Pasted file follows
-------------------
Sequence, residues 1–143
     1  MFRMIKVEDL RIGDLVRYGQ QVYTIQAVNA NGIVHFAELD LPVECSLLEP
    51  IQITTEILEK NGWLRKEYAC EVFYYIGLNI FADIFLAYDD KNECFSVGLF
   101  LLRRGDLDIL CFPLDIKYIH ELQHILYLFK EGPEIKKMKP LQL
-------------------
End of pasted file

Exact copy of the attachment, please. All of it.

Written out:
Sequence, residues 1–143
     1  MFRMIKVEDL RIGDLVRYGQ QVYTIQAVNA NGIVHFAELD LPVECSLLEP
    51  IQITTEILEK NGWLRKEYAC EVFYYIGLNI FADIFLAYDD KNECFSVGLF
   101  LLRRGDLDIL CFPLDIKYIH ELQHILYLFK EGPEIKKMKP LQL